If the sound of lip smacking, and saliva being churned around someone’s gob doesn’t fill you with some level of rage, odds are that you probably annoy someone with that very habit.
But apparently it is due a condition known as Misophonia, which literally means the hatred of sound, although it is generally accepted that sufferers of it are only sensitive to specific types of noise.
Tests suggested that the most common sounds that made people want to punch whoever they were sat next to were ‘mouthy noises’.
From tests which monitored the reactions of volunteers to certain stimuli, those considered to have misophonia did have a greater response than those without.
But strangely, the misophoniacs knew their response was disproportionate and tried to use coping strategies to stay calm, but these strategies would have a negative effect on their day to day lives – which I can imagine.
If this is all sounding too familiar, don’t worry, there is hope for you and it doesn’t involve meds. No, instead there is a process of desensitisation therapy.
The method used by one Dr. Pawel Jastreboff is to use positive reinforcement and retrain the brain to associate positive experience with negative triggers. For example, smelling and eating your favourite food in the presence of a noisy eater.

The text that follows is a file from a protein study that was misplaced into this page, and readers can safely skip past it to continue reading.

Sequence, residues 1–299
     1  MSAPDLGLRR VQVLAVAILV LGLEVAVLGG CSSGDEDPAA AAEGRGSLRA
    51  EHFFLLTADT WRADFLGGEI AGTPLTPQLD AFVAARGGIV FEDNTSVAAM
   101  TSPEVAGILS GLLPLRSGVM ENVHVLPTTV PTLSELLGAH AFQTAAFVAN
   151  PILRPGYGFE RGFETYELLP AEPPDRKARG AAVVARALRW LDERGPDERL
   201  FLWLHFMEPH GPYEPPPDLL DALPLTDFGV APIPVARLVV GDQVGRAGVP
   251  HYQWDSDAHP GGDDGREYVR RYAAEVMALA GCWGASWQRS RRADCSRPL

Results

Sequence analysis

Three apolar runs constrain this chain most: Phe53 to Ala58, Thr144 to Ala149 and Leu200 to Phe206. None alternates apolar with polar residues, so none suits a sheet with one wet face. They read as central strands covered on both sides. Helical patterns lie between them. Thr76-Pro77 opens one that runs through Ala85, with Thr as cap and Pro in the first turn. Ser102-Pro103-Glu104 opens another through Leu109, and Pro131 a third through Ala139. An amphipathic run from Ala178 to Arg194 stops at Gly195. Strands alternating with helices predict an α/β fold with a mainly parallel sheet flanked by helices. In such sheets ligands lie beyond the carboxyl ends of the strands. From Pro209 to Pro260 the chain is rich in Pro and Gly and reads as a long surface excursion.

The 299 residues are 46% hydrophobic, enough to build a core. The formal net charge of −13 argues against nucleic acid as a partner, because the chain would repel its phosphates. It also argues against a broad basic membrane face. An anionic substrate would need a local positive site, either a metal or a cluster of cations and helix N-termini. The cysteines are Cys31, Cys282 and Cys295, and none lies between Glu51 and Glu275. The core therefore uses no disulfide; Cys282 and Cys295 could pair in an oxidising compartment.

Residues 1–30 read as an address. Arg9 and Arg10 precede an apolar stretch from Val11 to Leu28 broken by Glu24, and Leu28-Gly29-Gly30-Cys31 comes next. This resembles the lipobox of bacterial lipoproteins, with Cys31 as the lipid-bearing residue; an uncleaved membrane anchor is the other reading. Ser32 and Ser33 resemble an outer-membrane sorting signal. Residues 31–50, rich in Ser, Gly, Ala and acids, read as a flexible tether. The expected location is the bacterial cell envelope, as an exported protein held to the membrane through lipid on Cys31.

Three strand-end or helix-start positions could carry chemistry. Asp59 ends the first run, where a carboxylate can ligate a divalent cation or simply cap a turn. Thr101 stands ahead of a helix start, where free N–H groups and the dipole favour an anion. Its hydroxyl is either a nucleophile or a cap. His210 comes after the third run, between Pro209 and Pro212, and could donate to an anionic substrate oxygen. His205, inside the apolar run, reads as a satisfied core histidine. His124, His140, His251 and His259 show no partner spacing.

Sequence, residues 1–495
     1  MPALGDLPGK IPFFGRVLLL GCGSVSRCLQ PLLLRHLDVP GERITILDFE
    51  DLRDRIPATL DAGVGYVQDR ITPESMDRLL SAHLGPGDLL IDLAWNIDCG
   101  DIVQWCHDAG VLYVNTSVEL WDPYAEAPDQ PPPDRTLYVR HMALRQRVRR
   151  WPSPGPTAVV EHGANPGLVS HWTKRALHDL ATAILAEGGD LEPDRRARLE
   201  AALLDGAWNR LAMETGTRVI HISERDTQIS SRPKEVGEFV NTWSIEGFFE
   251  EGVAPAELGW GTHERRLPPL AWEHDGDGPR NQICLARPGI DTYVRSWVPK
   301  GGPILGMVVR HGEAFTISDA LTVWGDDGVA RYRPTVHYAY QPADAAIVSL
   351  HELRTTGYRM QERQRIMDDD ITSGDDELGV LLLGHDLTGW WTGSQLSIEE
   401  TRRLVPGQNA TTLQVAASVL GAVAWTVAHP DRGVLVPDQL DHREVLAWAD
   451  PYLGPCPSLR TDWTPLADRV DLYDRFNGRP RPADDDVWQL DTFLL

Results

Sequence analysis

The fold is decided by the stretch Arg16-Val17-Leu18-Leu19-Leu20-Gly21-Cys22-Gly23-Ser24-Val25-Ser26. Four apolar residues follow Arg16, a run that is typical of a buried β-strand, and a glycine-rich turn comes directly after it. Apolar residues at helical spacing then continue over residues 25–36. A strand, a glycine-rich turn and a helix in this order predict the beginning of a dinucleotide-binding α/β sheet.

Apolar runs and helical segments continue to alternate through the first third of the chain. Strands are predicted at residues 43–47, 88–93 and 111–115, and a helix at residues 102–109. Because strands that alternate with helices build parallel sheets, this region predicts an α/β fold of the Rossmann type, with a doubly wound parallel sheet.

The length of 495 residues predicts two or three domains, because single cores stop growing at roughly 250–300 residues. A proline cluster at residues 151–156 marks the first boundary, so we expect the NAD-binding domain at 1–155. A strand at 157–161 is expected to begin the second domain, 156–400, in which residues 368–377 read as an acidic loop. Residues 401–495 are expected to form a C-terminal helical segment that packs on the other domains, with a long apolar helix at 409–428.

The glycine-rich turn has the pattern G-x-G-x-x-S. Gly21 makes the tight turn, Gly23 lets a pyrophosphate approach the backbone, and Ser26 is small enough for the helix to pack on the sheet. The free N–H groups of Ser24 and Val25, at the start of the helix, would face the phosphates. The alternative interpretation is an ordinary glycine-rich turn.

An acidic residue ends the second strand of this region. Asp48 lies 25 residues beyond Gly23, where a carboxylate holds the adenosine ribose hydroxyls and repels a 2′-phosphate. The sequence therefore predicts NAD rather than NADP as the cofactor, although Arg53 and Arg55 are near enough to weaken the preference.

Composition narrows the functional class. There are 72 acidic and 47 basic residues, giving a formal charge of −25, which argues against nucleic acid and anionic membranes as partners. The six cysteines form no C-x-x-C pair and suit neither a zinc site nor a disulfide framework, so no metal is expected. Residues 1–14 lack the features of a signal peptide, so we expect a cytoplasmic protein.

That could work, or it may just ruin your favourite food as you negatively reinforce sensations surrounding it with the blood boiling emotions felt as a noisy eater nashes away in your ear.
Either way, the growing studies into misophonia should serve as proof that we’re not all crazy for getting annoyed at noisy eaters, but we do all have varying degrees of tolerance.
You basically have three options: 1) Potentially damaging coping mechanisms. 2) Therapy. Or 3) Just ask the annoying prick you’re eating with to consume their food less like a farm animal at feeding time.
It’s your call.
More of a concept than a journalist, Tom Percival was forged in the bowels of Salford University from which he emerged grasping a Masters in journalism.
Since then his rise has been described by himself as ‘meteoric’ rising to the esteemed rank of Social Editor at UNILAD as well as working at the BBC, Manchester Evening News, and ITV.
He credits his success to three core techniques, name repetition, personality mirroring, and never breaking off a handshake.